This study was approved by the local Human Studies and Research Committee (Number: 2021-75) and patient consent was waived due to the study’s retrospective nature. Patients diagnosed with chronic coronary syndromes who underwent CABG surgery at our institution between May 2012 and December 2019 were included in this retrospective study. Pre-, peri- and postoperative data were retrieved from the hospital database and patients’ files. Demographic, clinical, and laboratory parameters were noted and European System for Cardiac Operative Risk Evaluation (EuroSCORE II) was calculated for each patient. Patients were excluded from the study if they had the following: preoperative AF rhythm or atrial/ventricular arrhythmia, valvular cardiac disease, congenital heart disease, preoperative renal impairment (serum creatinine >2 mg/dl), albuminuria and chronic liver disease, albumin replacement therapy in past 6 months, malignancy, endocrinologic disorders (hypothyroidism, hyperthyroidism), systemic inflammatory diseases, hematologic diseases, low hemoglobin (Hb) levels (≤10 g/dL), left atrial enlargement (>4.5 cm on echocardiography), or previous diagnosis of an autoimmune disease. In addition, those who had undergone emergency operations (eg acute myocardial infarction) were also excluded. Finally, those with unavailable serum CRP or albumin levels were also excluded.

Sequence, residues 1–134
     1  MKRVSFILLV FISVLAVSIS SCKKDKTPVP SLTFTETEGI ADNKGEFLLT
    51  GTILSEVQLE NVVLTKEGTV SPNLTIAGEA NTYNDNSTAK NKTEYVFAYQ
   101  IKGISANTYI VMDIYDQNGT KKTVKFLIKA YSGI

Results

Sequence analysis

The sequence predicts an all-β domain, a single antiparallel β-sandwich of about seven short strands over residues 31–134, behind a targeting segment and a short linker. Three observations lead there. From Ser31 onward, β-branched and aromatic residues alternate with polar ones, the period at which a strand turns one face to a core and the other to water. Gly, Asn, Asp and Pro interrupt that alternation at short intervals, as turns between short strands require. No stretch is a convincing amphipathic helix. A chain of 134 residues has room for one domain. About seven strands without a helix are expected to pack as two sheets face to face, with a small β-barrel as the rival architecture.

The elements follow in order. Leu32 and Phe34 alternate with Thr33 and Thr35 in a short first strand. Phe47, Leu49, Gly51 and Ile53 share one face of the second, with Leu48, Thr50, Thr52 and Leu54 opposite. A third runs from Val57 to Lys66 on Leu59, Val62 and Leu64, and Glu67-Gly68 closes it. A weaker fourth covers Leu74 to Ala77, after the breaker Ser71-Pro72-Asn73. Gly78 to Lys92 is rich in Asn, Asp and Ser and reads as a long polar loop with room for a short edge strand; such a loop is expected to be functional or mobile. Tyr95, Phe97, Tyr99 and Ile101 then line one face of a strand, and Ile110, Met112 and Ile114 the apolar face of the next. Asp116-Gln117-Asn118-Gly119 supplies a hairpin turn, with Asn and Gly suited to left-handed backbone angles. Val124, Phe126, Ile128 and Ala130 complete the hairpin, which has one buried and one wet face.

LABORATORY AND CLINICAL EVALUATION:
Preoperative CRP and albumin levels were used for GPS calculation (
An increased CRP level (>10 mg/L) or a low albumin level (<3.5 g/dL) were defined as 1 point each towards the GPS. The patient had a score of 0 if both parameters were normal, 1 if one parameter was abnormal, and 2 if both parameters were abnormal . Patients with GPS=0 were accepted as ‘low GPS’ and those with GPS≥1 were accepted as ‘high GPS’. During the hospital stay, all patients were evaluated with daily 12-lead electrocardiography (ECG) and additional ECGs, which were obtained when the patient reported a symptom or a rhythm abnormality was suspected during telemetry monitoring to identify rhythm abnormalities or AF development. Clinical AF was diagnosed when standard 12-lead ECG recording or a single-lead ECG tracing of ≥30 s showed heart rhythm with no discernible repeating P waves and irregular RR intervals (when atrioventricular conduction was not impaired) [2,18]. POAF was defined as an episode of AF requiring treatment after surgery that developed during hospitalization. Cardiovascular mortality was defined as death due to myocardial or cerebrovascular disease. The development of stroke requiring hospitalization after discharge and 1-year cardiovascular mortality data were obtained by using local hospital and national electronic databases. Patients were grouped according to POAF development, occurrence of 30-day and 1-year cardiovascular mortality, and stroke in the 1-year followup.